Speaking critically of stage-managed comments by the candidates as you do, how can you then extoll Buttigieg’s ploy “in candidly discussing his decision to openly attest to his life as a gay American, his decision to live openly and to marry the person he loved.”
    Please, if that isn’t an intentional stratagem to engage the LGBTQ community to his campaign then I don’t know what it is!
    Please don’t be so quick to heap laudatory praise without examing both sides of the ledger and revealing both the good and bad of these candidates.

    • Reply to Dr. Silverstein: What is relevant about Pete Buttigieg and Afghanistan is that he volunteered. He served with distinction! He headed to harm’s way. He did his duty as a young American. Hello!!! Concerning Mayor Buttigieg and South Bend’s crime issues, we’ll rely on the judgment of the people of South Bend who returned him to office with 80% of the vote. Regarding Dr. Silverstein’s criticism of “extolling Buttigieg’s ploy in candidly discussing this decision to openly attest to his life s a gay American…” Three cheers for Pete Buttigieg!!!

  5. Martin Silvestri says:

    It may be a ‘leap’ too far .. as you say .. but we have almost 14 months to try and build a bridge for Mayor Pete. The US of A has been amazingly blessed to have had the ‘right’ person to lead us at the most pivotal and challenging moments in our brief history. And do we ever need such a man now.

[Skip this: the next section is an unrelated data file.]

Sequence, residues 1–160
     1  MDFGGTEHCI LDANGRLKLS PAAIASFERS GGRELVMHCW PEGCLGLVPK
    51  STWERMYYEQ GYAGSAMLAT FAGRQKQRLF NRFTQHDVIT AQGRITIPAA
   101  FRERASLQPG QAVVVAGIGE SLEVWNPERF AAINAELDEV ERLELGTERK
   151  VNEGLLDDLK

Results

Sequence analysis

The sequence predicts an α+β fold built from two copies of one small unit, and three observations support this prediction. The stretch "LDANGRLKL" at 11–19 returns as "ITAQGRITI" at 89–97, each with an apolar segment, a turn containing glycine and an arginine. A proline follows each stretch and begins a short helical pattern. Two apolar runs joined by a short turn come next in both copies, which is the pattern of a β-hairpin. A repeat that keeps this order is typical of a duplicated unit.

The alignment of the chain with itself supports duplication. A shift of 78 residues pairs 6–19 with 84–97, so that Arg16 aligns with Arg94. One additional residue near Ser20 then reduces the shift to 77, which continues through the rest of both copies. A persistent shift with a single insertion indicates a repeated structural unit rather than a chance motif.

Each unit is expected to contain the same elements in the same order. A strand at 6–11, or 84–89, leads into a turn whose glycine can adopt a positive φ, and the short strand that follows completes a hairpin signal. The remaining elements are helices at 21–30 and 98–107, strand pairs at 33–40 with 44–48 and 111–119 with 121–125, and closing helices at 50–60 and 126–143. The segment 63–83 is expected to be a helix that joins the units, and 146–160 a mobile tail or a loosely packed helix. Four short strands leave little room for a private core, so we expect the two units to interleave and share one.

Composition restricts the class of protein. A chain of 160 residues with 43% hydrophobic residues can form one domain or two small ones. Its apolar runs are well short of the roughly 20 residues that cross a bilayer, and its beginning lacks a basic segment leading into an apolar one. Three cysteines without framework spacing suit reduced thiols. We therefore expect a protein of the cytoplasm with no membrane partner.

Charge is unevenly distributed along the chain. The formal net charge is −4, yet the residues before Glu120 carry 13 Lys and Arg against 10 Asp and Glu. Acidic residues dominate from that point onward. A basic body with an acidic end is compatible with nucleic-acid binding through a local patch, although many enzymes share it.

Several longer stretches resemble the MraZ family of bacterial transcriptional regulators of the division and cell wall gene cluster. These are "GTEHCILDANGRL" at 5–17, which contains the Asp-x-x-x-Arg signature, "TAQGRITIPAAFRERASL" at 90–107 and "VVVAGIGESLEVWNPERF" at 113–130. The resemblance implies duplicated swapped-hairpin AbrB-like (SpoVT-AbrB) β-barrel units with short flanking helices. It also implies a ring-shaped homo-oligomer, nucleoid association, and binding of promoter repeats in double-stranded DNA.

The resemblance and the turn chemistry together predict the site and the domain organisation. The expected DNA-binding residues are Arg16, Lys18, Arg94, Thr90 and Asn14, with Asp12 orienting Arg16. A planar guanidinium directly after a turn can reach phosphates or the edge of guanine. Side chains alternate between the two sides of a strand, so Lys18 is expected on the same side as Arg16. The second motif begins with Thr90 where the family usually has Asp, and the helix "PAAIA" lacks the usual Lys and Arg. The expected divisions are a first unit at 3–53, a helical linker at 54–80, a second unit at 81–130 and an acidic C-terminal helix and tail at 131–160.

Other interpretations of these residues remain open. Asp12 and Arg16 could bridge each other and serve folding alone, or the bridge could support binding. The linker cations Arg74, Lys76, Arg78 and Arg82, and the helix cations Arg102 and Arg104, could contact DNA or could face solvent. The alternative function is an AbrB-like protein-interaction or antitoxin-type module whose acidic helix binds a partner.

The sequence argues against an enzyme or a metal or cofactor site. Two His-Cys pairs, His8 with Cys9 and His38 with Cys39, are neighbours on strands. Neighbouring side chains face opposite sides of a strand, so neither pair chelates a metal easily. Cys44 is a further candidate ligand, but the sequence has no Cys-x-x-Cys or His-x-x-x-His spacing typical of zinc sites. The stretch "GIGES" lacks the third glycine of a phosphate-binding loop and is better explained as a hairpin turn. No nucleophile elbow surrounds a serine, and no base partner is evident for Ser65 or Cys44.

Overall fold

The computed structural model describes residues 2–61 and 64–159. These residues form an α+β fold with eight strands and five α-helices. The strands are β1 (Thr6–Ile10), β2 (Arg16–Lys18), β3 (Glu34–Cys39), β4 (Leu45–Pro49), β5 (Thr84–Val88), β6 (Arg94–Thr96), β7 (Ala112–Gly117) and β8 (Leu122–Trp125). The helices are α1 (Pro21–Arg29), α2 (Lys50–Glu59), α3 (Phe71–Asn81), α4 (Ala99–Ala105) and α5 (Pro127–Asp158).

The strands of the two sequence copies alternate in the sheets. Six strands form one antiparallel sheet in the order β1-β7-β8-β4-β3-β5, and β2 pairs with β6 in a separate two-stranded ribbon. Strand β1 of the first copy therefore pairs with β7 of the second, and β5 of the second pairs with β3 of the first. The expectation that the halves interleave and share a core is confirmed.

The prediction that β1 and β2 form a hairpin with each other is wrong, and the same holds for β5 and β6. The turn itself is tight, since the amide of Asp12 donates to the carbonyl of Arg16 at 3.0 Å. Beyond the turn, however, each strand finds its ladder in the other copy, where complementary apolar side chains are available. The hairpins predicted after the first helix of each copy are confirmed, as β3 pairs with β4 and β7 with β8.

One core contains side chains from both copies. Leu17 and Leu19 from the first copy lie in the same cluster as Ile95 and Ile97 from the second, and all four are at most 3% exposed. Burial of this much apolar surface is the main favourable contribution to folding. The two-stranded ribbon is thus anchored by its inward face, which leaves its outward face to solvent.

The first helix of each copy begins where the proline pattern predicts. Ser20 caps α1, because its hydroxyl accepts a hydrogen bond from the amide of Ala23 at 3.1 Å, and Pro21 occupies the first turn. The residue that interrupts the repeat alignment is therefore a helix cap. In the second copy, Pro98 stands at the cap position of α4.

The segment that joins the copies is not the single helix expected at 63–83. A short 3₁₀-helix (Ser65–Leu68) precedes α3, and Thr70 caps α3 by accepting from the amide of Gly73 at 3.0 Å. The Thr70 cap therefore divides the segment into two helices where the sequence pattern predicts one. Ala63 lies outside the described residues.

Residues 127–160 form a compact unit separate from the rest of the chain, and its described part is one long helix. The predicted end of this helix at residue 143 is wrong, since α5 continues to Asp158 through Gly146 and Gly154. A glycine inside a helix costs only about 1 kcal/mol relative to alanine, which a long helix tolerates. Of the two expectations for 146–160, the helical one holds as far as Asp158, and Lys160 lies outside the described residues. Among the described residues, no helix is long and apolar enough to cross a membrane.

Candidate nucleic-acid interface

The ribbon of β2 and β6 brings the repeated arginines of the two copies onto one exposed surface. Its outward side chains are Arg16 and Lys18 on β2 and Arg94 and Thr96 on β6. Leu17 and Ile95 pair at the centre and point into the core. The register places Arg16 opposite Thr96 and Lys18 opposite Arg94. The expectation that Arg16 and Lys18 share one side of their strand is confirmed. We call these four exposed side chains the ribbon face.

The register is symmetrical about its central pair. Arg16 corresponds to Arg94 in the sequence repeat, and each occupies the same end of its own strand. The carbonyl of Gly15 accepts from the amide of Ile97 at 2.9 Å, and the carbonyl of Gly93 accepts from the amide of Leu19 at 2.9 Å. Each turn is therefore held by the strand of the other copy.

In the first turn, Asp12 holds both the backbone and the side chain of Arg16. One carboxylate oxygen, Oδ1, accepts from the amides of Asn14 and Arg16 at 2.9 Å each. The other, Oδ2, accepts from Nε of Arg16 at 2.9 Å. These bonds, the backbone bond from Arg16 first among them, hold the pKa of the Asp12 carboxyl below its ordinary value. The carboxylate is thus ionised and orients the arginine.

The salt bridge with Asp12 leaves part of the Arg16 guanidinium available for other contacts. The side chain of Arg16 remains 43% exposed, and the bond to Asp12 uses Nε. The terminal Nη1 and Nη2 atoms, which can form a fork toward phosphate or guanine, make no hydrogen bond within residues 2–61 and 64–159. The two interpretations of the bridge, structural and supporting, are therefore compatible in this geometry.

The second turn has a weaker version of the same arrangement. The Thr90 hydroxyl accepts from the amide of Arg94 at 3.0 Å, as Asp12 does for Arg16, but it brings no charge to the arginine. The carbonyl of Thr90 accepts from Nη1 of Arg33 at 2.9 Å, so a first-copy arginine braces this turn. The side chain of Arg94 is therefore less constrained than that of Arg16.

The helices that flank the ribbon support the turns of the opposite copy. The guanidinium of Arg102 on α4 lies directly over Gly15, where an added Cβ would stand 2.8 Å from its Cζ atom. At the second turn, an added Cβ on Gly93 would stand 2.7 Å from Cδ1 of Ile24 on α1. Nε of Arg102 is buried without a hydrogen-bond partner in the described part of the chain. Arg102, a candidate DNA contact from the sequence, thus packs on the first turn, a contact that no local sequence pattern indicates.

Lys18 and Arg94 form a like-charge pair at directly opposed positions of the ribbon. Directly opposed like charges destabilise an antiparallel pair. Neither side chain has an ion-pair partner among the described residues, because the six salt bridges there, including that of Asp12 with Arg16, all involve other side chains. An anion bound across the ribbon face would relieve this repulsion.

6. Sandy Goldman says:

    Another friend wrote that Mayor Pete is “too real, too smart and too good for today’s political climate.” I think he’s exactly what we need right now.

  7. Perry Green says:

    He is by far too perfect among the candidates displayed in the
    debate, but the Democratic Committee will never allow his
    candidacy. He was more rational in his talking points, except his
    answers were all too perfect. Perhaps it’s his high IQ. but am
    wary of going back to control of D.C. with leftist dreams.

  8. Replying to the author’s responses to my earlier comments.
    Undoubtedly Buttigieg is a brilliant man with great academic credentials, but as the saying goes, “Great academic credentials and honors are distinguishing, but a great leader (or President) they they do not make”. i.e President Jimmy Carter who graduated from the Naval Academy, worked under Captain Hyman Rickover in the Navy nuclear submarine program and was honored with numerous medals and awards turned out to be a mediocre president. Think Iran hostage crisis and the U.S. Energy Crisis. ( apologies to some of your readers who may view him differently).